By Bill Rusteberg
The American health care delivery system has reached a boiling point. The average working American can no longer afford health insurance and those who can often find they can’t afford to use it.
Many middle class Americans have become functionally uninsured and their paymasters cannot continue to absorb double digit rate increases that inevitably come with each annual renewal.
Something must give because no one disputes our current system is unsustainable.
Is the answer more government control of health care? While we see some merits we must consider real world realities. When we consider the economic impact of more government interference in health care one must understand it is not simply a product of lower health care costs through price fixing and rationing of care, it’s much more than that. There are certain political roadblocks difficult to overcome.
The medical industrial complex is too big to fail. There are 22 million workers in the health care industry, one of the largest and fastest-growing sectors in the United States that accounts for 14% of all U.S. workers, according to the Census Bureau’s 2019 American Community Survey (ACS). In addition the health and medical insurance industry employs 600,244 people according to the U.S. Department of Labor Statistics. More government control will affect the livelihood of more than 14% of American workers, most of whom are voters. A single payer system will eliminate many of these jobs. There is not a politician on the planet who wants to support job loss within their constituency. Instead they will continue to place band aids on a failing system while pandering the fake value of their efforts to solve health care.
More government interference will not quickly solve the ongoing demise of the middle class in any meaningful way. That’s a problem because we are out of time and out of money to continued participation in government mandated health insurance schemes. Yet to challenge onerous government mandates driving health care costs to unaffordable levels and subjecting non-compliant criminal plan sponsors to punishing sanctions comes with a price powered by political retribution, enforced by powerful bureaucrats with guns and badges.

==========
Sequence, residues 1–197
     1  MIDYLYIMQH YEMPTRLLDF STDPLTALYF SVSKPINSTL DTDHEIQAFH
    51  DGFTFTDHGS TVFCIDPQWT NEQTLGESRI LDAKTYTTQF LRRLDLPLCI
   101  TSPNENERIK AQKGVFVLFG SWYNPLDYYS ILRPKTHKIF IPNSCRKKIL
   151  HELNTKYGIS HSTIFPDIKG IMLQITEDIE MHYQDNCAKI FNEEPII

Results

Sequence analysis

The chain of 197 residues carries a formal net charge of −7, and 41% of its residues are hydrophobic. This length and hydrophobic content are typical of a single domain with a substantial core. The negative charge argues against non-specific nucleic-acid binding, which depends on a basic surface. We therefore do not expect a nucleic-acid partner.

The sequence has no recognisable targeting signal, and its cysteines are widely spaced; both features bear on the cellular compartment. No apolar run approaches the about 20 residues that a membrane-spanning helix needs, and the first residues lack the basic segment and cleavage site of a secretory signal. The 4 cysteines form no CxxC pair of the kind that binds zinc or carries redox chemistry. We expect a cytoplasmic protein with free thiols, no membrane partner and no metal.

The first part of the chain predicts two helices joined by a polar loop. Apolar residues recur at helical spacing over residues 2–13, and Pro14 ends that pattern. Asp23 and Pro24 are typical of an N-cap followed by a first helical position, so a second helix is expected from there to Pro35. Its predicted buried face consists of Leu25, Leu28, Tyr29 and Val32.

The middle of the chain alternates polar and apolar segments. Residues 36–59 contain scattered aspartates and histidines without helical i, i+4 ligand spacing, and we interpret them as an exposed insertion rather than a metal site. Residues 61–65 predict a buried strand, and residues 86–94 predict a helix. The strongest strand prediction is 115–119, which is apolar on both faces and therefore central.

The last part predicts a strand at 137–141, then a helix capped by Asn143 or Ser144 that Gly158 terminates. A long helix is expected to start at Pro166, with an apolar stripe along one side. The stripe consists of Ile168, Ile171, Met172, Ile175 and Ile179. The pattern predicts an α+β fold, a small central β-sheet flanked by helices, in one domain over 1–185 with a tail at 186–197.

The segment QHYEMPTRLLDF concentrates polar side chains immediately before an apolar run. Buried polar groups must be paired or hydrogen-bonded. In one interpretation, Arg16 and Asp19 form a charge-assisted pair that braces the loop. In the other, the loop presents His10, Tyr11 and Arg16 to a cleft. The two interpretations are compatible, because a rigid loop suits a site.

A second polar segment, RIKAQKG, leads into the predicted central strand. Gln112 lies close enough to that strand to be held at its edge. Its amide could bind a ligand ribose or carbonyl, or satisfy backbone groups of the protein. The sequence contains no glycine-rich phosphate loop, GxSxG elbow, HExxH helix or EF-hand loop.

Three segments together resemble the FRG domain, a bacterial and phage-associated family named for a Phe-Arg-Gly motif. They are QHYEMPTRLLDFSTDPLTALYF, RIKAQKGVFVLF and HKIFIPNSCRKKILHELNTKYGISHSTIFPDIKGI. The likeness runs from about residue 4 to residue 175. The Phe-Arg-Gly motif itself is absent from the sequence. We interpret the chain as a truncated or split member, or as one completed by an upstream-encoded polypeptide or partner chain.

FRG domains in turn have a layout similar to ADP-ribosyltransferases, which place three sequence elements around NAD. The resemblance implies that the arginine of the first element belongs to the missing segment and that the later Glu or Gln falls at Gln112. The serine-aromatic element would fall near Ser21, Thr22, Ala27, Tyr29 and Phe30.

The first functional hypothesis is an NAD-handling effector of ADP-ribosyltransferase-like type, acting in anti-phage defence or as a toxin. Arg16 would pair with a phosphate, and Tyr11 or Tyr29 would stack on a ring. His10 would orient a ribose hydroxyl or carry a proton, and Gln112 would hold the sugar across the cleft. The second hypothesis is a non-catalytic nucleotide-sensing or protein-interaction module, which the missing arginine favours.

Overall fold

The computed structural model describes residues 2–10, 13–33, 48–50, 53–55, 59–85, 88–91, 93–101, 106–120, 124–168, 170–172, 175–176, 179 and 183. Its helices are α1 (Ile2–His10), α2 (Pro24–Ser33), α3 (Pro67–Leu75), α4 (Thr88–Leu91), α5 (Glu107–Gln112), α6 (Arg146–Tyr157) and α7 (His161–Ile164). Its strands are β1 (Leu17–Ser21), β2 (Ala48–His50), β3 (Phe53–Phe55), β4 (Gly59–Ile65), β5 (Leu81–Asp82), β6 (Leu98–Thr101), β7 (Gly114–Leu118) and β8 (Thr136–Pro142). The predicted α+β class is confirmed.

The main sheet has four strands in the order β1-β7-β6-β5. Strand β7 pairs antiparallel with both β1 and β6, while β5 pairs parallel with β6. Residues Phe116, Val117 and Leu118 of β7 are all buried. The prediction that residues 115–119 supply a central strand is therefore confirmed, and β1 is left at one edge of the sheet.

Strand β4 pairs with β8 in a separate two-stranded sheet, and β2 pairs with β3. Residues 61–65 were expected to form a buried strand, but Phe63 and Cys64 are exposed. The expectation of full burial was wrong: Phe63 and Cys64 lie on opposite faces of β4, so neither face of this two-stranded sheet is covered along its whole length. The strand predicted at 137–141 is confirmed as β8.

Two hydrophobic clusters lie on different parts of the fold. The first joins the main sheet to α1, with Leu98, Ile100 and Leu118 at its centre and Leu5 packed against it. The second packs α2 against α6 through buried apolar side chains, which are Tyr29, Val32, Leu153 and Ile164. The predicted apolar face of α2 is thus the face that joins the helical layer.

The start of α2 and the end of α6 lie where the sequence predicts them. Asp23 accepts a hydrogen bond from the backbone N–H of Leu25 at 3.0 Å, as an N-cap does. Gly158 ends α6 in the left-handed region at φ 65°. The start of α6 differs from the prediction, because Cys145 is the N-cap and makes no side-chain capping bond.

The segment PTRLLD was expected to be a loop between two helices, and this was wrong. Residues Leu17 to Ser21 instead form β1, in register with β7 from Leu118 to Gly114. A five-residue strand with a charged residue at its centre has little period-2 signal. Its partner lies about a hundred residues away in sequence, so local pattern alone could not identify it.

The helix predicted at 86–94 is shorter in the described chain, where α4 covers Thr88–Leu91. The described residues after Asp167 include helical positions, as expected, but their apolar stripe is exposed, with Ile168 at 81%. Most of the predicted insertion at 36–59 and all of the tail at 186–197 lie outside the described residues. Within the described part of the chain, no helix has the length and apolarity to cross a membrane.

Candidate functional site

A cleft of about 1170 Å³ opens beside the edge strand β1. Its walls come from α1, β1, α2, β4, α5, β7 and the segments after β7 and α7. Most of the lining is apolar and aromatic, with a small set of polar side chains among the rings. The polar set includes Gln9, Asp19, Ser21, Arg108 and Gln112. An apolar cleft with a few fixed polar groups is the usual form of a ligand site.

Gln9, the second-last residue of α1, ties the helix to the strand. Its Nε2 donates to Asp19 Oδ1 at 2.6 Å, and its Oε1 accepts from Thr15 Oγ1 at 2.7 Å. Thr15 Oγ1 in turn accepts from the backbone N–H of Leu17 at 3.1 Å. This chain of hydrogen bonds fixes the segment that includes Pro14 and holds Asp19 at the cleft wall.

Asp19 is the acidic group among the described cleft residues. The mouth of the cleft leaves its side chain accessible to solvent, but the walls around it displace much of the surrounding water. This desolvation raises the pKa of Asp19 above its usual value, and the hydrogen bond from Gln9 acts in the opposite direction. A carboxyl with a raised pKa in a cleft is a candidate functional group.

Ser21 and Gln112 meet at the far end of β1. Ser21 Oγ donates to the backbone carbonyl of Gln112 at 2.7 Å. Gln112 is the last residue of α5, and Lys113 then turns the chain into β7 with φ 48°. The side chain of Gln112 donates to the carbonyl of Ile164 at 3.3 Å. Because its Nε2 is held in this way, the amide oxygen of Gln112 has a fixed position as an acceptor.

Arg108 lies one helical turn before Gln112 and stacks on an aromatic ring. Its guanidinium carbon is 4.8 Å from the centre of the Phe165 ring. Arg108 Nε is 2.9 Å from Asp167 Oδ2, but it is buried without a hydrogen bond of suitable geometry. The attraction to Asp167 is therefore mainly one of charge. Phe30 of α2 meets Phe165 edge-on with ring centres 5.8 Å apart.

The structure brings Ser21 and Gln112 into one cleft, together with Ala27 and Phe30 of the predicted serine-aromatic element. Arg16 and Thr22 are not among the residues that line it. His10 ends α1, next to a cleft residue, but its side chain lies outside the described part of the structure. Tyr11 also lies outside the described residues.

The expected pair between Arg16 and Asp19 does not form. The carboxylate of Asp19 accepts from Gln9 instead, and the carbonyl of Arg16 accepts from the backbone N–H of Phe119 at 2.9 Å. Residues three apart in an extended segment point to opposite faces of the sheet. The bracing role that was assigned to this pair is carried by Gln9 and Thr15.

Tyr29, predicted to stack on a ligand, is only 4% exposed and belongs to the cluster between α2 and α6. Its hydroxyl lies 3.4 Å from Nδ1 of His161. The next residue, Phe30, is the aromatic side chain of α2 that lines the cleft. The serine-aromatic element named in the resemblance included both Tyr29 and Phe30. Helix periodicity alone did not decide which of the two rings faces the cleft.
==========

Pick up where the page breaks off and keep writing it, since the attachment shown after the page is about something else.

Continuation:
Some plan sponsors have attempted to solve health care on their own with some success while remaining within federally mandated guard rails. Their strategies include narrow managed care networks, spousal carveout, wellness plans, direct primary care, medical tourism, drug importation, reference based pricing, cash pay claim strategies and other schemes including non-traditional risk transfer strategies.
Attaching to grey areas in ACA legislation opens additional strategies birthed in a mindset driven by “It’s easier to ask for forgiveness than ask for permission.”
An example of grey area strategies is a 300 member group that was facing bankruptcy seven years ago due to three plan members racking up +$500,000 per year in specialty medication. A self-funded plan, upon renewal all three were lasered. Something had to be done and we were tasked with solving the problem. We reached out to five PBMs with the following question: “Can a plan limit their Rx formulary based on price and remain ACA compliant?”
All but one said NO!. There was no hesitation in their replies. Those that said NO! were adamant and pointed to certain sections of the ACA. The Lone Ranger that said YES! also pointed to certain sections of the ACA to bolster their position.
Our philosophy has always been to ask for enough opinions until you get the one you like then seize it. We have found this to be very effective over the years (especially when dealing with the Texas Department of Insurance). Ask two lawyers for an opinion and you’ll get three.